Bracero Oral History
Biographical Synopsis of Interviewee
Aristeo Ortega Acuña was born September 15, 1931, in Sahuaripa, Sonora, México; he was the second youngest of his nine siblings; his father was a laborer and also worked with seasonal crops; Aristeo was formally educated through the second grade; when he was fifteen years old, he worked in the fields of Obregón, Sonora, México; in 1957, he enlisted in the bracero program; as a bracero, he labored in Arizona and California cleaning, pruning, picking and loading apricots, lettuce, peaches, tomatoes and other citrus crops; he completed a total of four contracts; after the program ended, he immigrated to the United States; in 1967, he was able to bring his family with him.
Summary of Interview
Mr. Ortega briefly talks about his family; in 1957, he decided to enlist in the bracero program; initially, he signed up in Hermosillo, Sonora, México and then traveled to the contracting center in Empalme, Sonora, México; he recounts the entire process he underwent, including the requirements to pick cotton, necessary papers, long waiting times and medical examinations; as a bracero, he completed a total of four contracts and labored in Arizona and California cleaning, pruning, picking and loading apricots, lettuce, peaches, tomatoes and other citrus crops; he goes on to detail the various worksites, camp sizes, housing, accommodations, living conditions, provisions, duties, routines, treatment, payments, contract lengths and recreational activities, including trips into town; in addition, he details picking peaches, which was especially difficult and dangerous, because of the high ladders they used; men often fell and were injured; despite the skill and risk involved, they were paid very little; he also recounts an incident in Sacramento, California when inspectors went to the camp, because the men were cheated out of their pay; they were transferred to another camp, and their boss was fined and no longer allowed to hire braceros; after the program ended, he immigrated to the United States; in 1967, he was able to bring his family with him; overall, his memories of the program are negative, because it was such a hard life, especially without his family.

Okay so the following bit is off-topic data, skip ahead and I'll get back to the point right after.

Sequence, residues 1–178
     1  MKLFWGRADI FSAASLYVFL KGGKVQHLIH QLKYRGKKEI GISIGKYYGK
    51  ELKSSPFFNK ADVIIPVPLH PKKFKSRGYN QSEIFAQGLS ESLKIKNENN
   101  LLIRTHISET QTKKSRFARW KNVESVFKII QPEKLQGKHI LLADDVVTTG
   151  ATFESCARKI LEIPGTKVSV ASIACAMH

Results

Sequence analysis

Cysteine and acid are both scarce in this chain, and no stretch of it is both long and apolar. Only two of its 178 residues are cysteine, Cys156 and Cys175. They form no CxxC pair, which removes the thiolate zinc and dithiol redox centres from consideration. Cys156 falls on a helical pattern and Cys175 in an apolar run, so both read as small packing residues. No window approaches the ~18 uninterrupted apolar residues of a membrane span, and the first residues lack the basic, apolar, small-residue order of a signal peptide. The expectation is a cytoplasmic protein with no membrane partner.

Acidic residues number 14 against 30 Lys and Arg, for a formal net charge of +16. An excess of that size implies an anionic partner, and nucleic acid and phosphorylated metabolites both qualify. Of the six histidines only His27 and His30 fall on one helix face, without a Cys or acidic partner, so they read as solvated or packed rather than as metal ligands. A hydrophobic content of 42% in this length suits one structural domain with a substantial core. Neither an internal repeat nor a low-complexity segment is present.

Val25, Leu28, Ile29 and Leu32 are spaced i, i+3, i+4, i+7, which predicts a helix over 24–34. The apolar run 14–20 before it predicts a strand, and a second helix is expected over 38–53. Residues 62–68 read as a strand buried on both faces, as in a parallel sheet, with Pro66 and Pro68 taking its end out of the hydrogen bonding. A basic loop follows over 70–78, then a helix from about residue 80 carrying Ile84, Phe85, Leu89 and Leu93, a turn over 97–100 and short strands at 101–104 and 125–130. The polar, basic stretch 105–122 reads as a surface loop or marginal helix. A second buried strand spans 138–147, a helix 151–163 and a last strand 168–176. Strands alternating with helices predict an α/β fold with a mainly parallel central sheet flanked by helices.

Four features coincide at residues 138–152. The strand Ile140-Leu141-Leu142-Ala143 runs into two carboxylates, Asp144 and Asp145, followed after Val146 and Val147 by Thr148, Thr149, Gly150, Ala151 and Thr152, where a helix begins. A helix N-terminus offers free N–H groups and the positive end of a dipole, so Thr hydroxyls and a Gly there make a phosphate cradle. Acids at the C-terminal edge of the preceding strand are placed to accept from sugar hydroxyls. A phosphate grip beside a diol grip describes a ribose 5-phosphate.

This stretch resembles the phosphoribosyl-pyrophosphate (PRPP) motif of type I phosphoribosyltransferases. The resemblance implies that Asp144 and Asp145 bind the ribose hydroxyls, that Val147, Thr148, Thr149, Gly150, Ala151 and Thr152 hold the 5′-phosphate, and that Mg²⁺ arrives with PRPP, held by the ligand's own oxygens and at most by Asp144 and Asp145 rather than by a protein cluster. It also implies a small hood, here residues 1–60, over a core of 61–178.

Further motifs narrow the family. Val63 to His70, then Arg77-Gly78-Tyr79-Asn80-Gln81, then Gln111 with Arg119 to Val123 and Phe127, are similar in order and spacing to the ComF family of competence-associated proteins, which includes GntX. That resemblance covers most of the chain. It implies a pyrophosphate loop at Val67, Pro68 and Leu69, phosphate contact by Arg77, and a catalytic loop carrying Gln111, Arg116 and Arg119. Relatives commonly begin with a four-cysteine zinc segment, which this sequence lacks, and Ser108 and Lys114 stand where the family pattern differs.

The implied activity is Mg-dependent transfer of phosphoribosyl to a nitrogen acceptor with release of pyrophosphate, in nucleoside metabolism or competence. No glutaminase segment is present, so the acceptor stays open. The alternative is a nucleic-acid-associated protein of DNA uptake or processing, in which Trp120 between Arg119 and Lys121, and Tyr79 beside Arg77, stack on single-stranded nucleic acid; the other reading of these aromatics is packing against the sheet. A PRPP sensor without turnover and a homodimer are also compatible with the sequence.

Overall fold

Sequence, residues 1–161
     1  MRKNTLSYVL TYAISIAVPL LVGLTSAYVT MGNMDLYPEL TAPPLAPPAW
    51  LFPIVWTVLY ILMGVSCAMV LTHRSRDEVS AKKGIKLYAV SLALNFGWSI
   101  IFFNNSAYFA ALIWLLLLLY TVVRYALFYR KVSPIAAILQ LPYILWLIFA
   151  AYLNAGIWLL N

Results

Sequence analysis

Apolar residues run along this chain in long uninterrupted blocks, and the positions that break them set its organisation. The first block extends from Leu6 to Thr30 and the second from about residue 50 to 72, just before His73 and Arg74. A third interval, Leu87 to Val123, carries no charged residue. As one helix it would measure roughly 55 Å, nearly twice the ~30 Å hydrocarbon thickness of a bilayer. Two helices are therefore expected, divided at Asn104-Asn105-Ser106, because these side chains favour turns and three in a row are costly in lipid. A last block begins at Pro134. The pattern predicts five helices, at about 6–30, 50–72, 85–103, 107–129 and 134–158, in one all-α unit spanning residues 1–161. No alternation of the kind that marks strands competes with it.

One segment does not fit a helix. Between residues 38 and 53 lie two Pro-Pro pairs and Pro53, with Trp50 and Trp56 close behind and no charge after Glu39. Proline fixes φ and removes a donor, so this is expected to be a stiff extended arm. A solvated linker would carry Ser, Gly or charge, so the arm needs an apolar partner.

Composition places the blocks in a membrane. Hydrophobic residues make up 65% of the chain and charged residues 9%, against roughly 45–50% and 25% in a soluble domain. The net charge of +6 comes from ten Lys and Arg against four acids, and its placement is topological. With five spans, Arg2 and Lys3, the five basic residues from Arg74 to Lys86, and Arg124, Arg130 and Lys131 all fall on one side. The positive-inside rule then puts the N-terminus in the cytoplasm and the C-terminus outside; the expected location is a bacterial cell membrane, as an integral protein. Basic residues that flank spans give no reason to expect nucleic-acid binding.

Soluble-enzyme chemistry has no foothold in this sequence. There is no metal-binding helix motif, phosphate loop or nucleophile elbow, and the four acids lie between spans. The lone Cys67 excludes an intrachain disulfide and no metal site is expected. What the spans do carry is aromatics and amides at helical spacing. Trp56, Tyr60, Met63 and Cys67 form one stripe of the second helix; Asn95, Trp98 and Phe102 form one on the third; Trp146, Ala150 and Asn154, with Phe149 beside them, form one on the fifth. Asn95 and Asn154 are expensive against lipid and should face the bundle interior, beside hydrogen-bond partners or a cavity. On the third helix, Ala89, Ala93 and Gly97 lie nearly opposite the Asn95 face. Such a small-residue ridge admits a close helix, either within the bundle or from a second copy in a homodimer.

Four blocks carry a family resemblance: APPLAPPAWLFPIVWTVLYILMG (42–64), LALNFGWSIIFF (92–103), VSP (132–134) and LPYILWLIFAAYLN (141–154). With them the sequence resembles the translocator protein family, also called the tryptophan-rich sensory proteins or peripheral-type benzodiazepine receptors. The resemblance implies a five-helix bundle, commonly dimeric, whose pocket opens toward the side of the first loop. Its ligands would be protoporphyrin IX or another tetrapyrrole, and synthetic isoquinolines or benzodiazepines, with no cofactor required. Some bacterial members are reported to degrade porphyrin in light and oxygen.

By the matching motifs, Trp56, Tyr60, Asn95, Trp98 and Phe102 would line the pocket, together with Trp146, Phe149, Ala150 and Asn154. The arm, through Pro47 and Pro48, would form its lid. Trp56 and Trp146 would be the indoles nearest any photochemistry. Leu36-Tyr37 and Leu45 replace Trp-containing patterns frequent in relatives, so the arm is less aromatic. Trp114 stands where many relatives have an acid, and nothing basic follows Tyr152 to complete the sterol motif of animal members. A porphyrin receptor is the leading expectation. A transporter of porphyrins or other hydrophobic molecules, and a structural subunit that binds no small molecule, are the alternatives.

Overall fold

Date of Interview
Length of Interview
Length of Transcript
Interview with Aristeo Ortega Acuña by Manuel Sanmiguel, 2008, "Interview no. 1361," Institute of Oral History, University of Texas at El Paso.